Ricki O.

I'm struggling to abbreviate this any further:


Many years ago, I was given a screen printed cloth as a gift and I knew immediately that this was exactly what I wanted to do with my life. I took 6 months off work and spent that time experimenting, learning and exploring screen print. At the end of that period I knew I would never go back to my old job andI have been printing and teaching screen print professionally ever since.

After selling printed cloth for several years, I decided that printing would be a wonderful thing to do with children and I gradually started working in community settings. I now work in schools, youth clubs, with older people and and with people with learning disabilities.  In effect, I have now become a full time community artist and textiles tutor. 

Over the years,  I have added to my arsenal of textile skills to include felt making, dyeing, and stitch techniques. It’s been an exciting and wonderful journey for me and I have never for one moment regretted leaving that job 26 years ago. 

I recently returned to doing my own personal work for exhibiting, and realised what a lot I have learned from collaborations with communities and how much this has informed and matured my current work.


My first stage is always brainstorming, research and sampling. Research may involve gathering materials from archives, taking photographs, doing drawings, speaking to people, measuring and thinking…lots of thinking.

Then I work to develop images. Because I have developed a mild tremor in my hand, I am always looking for different ways to generate images. This has been an opportunity for me to seek out less conventional ways of making drawings and capturing a mood. Cutting is generally easier for me than drawing so I often use cut and torn paper as a design tool. I like that this process makes me think in terms of space and shape. I also like to use unconventional tools to make expressive marks or scratches in surfaces.   

I always start with white fabric and colour it myself with both natural and man made dyes. Sometimes I like to stain or degrade cloth, sometimes to crudely mend or bind things with string and rags. I sometimes use machine stitch to draw with a because I love the fast spidery quality of the line. Equally, I enjoy the thoughtful meditative process of slow stitching by hand. And of course, I always like to screen print..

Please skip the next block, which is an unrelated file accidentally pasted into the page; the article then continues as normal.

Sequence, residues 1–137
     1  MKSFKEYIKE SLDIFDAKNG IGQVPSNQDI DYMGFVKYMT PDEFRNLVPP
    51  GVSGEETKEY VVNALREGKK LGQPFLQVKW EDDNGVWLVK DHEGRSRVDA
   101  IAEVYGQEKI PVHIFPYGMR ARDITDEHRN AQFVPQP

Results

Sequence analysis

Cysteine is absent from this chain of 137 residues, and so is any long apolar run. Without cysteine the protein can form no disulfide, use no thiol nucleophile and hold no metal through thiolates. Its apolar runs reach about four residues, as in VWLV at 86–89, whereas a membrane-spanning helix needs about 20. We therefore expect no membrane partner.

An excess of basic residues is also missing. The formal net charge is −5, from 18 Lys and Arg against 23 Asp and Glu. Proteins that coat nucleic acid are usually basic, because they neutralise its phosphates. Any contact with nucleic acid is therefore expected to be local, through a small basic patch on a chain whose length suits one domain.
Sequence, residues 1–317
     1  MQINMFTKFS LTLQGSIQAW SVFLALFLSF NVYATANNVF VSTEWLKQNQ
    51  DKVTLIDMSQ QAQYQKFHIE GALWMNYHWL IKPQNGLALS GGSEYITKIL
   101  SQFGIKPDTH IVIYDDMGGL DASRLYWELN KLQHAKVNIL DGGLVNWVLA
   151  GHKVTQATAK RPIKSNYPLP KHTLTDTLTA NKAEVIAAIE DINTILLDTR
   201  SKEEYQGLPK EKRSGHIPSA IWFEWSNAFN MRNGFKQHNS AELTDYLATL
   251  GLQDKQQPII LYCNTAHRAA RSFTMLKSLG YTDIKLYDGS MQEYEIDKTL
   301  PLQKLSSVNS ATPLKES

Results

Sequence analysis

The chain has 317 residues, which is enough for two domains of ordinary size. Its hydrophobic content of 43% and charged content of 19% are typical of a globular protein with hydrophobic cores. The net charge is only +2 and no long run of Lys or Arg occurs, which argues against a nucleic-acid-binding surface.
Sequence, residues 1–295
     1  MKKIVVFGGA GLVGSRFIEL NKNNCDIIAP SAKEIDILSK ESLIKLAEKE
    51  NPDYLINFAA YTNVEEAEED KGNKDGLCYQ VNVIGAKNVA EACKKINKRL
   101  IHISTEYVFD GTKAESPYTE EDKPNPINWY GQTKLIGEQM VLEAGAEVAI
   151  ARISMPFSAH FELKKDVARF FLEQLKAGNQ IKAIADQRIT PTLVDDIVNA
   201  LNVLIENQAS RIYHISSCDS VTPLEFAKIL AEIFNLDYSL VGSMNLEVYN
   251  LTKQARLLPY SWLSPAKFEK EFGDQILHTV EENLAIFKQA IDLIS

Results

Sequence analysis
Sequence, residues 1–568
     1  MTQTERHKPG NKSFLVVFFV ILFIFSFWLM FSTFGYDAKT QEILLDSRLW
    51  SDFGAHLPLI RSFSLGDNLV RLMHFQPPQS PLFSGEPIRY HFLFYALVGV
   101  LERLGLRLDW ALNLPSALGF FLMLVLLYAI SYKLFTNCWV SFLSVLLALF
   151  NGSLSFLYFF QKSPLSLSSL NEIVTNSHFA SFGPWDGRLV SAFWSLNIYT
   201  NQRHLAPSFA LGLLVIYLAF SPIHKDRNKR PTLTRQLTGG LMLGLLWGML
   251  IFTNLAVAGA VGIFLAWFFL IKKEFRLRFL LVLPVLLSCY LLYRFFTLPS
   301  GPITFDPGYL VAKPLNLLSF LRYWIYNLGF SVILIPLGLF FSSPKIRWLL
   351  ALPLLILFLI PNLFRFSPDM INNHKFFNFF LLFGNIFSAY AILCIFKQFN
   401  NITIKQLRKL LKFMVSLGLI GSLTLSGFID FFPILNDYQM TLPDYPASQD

I have an innate need for diversity and have always worked on multiple themes at once.  I havea need to balance any one thing I am making with at least 2 others to create a stable tripod of ideas.

In one corner, I like scratchy things, scarred things and worn cloth.  I see the process of working with cloth as a healing process to patch up and bind the more broken and painful aspects of life. Sometimes this is about contemporary or personalissues, sometimes it’s about memory of place and people as evidenced by the objects they have left behindor the objects that survived them. Sometimes it’s about the earth, about burying my hands in the earth to pull out weeds and pushing plants in to make them grow. I like to make ritual objects that bind us to the ancestors, to the power of earth and the cycle of life.

In another corner,  I like the logic of exploring formal design exercises and pushing the boundaries of technique.  I like to have the ‘what if?’ conversation with my work to drive it into new territory -    looking at logical variations, options, progressions and letting the process inform me on where the work needs to go next. 

My third corner often comes through my screen printed and community work. I like to reference 20th century art and graphic design. I look for pattern that celebrates the every day and the ordinary. Patterns that are exuberant and fun and happy - like the summer garden after all that earth stuff has happened and it’s time to go outdoors eat all those warm homegrown tomatoes on a chilli- pepper- hand- printed- picnic cloth!